Management Insult 4: Talent Management Programmes

For a while now, I’ve been building a series of definitions of ‘management-speak’ terms that insult human intelligence. One day I might even find a publisher and release them as a dictionary, but for now, I thought I’d share a few of them from time to time. I make no apologies for these being slightly tongue in cheek. My argument is that for a leader to be effective they need to be grounded in the real world and not delude themselves through their use of obfuscating language.

Talent Management Programmes

An incredibly patronising way of trying to stop good people from leaving the company when we seem to lack the basic management skills to inspire and engage them.

An invention of HR directors, as a part of their ‘retention strategy’, whereby a programme of various vaguely linked tasks, assignments, courses and associated coaching, is constructed that will take the participants at least twelve months to complete. Often offered particularly in organisations where the majority of aspiring senior managers do not have many formal business qualifications and can be persuaded that the ‘future leaders’, ‘accelerated leaders’, ‘high flyers’, or similarly named programme is easily the equivalent of a Masters Degree. Some employers even go so far as to say that they are ‘in negotiation’ with a business school to ‘accredit’ the programme. Many describe the successful completion of the programme as a ‘graduation’, further reinforcing this delusion.

Some programmes have selection criteria such as completion of psychometric instruments – though there is rarely any evidence that the interpretation of these has any correlation with management progression within the organisation.

In practice, by hooking someone into the programme, it is a further consideration for them should they be tempted to leave. Individuals will often persuade themselves that having the ‘qualification’ is worthwhile and will delay leaving until they have finished it. Few other employers are actually impressed as they have their own programmes and know just what a con it is.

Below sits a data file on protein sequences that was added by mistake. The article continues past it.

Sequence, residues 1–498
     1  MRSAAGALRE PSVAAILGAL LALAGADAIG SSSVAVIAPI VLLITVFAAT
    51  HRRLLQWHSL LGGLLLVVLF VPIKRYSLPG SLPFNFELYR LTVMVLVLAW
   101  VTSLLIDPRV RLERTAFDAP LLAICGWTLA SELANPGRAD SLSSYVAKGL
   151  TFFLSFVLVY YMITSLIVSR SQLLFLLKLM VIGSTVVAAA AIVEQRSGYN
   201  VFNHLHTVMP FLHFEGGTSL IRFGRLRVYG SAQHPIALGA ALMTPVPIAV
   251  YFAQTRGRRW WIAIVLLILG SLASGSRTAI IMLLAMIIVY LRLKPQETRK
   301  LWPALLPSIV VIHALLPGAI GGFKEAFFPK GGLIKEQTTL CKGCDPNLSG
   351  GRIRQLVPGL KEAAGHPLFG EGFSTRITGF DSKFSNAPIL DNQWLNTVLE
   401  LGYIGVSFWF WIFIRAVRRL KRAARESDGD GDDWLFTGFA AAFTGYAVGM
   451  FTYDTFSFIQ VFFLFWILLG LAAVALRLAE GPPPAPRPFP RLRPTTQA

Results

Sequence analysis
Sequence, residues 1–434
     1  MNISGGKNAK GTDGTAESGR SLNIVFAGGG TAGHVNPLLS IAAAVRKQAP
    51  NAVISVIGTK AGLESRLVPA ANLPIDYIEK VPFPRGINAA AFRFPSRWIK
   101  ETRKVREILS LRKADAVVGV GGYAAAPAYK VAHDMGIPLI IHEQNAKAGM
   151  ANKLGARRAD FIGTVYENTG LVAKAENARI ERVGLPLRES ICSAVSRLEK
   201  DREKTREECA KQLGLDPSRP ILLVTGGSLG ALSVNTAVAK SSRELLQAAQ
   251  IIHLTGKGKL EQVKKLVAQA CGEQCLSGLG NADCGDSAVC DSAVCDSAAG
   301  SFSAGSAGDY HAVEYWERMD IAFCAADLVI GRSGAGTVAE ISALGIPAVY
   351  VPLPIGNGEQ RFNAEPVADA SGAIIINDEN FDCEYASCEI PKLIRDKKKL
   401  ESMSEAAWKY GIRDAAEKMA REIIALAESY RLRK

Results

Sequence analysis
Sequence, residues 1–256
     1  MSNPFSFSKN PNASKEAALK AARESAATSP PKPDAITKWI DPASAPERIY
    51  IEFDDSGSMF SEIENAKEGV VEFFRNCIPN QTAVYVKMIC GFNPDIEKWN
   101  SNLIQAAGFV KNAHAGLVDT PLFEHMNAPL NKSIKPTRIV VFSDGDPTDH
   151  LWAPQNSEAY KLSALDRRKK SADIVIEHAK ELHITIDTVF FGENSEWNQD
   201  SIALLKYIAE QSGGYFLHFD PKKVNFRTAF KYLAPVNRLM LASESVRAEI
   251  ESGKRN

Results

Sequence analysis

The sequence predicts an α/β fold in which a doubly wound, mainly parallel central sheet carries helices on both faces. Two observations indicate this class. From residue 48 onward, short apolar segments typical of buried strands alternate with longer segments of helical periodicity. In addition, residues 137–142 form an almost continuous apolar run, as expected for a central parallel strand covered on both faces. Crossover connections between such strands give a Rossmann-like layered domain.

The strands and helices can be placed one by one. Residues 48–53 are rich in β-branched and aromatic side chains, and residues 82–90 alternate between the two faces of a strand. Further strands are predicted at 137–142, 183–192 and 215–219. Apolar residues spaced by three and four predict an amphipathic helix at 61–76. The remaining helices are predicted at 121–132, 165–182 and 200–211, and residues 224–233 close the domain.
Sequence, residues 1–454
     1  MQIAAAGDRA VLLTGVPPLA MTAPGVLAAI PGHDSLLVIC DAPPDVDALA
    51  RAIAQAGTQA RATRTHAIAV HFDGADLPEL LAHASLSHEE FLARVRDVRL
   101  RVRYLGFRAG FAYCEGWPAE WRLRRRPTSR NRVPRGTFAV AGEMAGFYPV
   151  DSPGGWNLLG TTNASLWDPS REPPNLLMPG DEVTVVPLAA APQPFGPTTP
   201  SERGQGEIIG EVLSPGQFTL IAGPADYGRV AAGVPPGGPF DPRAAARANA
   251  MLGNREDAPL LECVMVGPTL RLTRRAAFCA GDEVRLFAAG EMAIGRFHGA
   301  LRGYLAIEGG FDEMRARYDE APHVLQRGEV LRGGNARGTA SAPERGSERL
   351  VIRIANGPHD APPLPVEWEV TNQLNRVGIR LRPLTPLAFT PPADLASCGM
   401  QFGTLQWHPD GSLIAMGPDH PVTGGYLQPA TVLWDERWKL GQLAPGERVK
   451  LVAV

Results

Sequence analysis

Of course, the carrot can be extended for some time by manipulative managers… The typical process for selling a scheme to an employee begins at their annual performance review and goes something like this:

At annual formal meeting with manager (M0): “I’ve decided to put you forward for consideration for the company ‘future leaders’ programme’.”

Six months later (M6): “I’m delighted to say that, after a little negotiation with HR (as you were just outside the normal criteria), we are able to offer you a place on next year’s ‘future leaders’ programme.”

Six more months (M12): “I realise that a rate of inflation pay increase may not be quite what you expected, but once you have successfully completed the ‘future leaders’ programme, you will be up for accelerated promotion opportunities.”

Six more months (M18): “I’m getting quite favourable reports of your progress on the ‘future leaders’ programme’, and will be looking for suitable opportunities to use your new skills over the next few months.”

A further six months (M24): “It’s a shame your final assignment didn’t quite yield the results we all expected. But, once the others have been given a crack of the whip in a new position, I’m sure that a great opportunity will come up for you to create the right impression to the powers that be.”

Best wishes

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